Recycling Program Stuck in Neutral

Though there are opportunities for an expanded recycling program in the new building, currently nothing is being recycled


Hayli Manning

New bins have been placed outside the building that give students and faculty the option for a more environmentally friendly alternative to throwing recyclables away.

Hayli Manning, Opinion Editor

Director of facilities Mike Bolger believes that students should get involved with the recycling program at Holbrook schools, and he is not alone. “I think that recycling anything we can recycle or reuse is good for the environment, and it’s great for the students to learn.”

Many students identify themselves as not only environmentalists but also activists, and those qualities are prominent in the classroom. When students noticed that the recycling bins were being thrown into the garbage, many of them were upset.

One of the main perks of the new building that the staff picked up on were the green and blue recycling bins next to the trash barrels in each room. However, about a month ago, it was revealed that all of the recycling bins were being tossed directly into the dumpster. Fast forward a few weeks later, the recycling bins have disappeared! Curious as to what happened, students started asking questions, and I went digging.

Mr. Bolger, the director of facilities, agreed to be interviewed by the newspaper in order to discuss the status of the recycling situation. Apparently the school, which obviously must produce a lot of paper and bottles, has been waiting on a trash compactor for weeks. The compactor will be compressing the recyclables by 40% and has been scheduled to arrive for a “substantial amount of time,” Bolger says. Unfortunately, it won’t be set in place for another few weeks- or so we hope!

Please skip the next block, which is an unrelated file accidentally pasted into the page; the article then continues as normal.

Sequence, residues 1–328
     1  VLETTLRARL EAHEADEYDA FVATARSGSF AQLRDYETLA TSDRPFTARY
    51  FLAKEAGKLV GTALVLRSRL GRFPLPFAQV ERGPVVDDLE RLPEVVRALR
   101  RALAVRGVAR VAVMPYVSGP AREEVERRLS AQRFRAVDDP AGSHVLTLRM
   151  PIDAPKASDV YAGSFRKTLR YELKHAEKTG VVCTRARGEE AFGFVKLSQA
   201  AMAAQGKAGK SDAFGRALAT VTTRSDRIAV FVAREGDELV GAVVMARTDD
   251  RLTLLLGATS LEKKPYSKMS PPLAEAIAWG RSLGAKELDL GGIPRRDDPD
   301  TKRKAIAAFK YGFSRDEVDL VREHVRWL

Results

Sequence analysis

Although we are not currently recycling within the school district, we can look forward to some new and exciting features that will benefit not only the school, but the environment in the long run. The modern recycling system will now permit the district to single stream, allowing not only paper and plastic, but also glass, all to be disposed of within the same containers. Fortunately, despite what it seems, Holbrook will eventually expand its recycling program.

Throughout the building, there are recycling stations. You may have missed them, but next time you walk around, look for the “green” signs on the wall. The building is also certified as LEED (Leadership in Energy and Environmental Design) silver, meaning it has the second highest environmental rating a building can obtain. 

In the past years in Holbrook High School, the National Honor Society (NHS) and Junior National Honor Society (JNHS) have been in charge of taking the recyclables to the proper bins once a week. Now, the role the Honor Societies will play in recycling might be completely abolished. Even so, new ideas are being brought to the table, in which students could bring the recycling bins to the stations every day and the custodians would move them from there. This is Mr. Bolger’s ideal system, one he hopes will be in place soon.

One custodian, Mr. Kerr, believes that it could be a while before the system is up and running. When asked where the recycling bins were taken, he responded with a valid reason for their disappearance. “There’s no use for them,” Mr. Kerr said. Previously, the custodians were expected to dump three barrels into one. This change makes things easier for them.

Previously, the JFK and the South School didn’t recycle nearly as much as the high school. “They recycled some paper,” Mr. Bolger informs us, “But now… the whole district will be recycling with the exact same process.

And the school administrators want to recycle – a lot, but maybe not for the same reasons as the environmentalists in the building. Recycling actually saves the school money because they wouldn’t be paying to empty the dumpster as often. The cost that the district will retain is enough as an initiative to motivate the school to recycle, aside from the environmental cost we’ll save. 

Mr. Bolger is hopeful that next week we will finally be able to start our recycling program; every day we neglect to recycle within our school, we are significantly hurting the planet.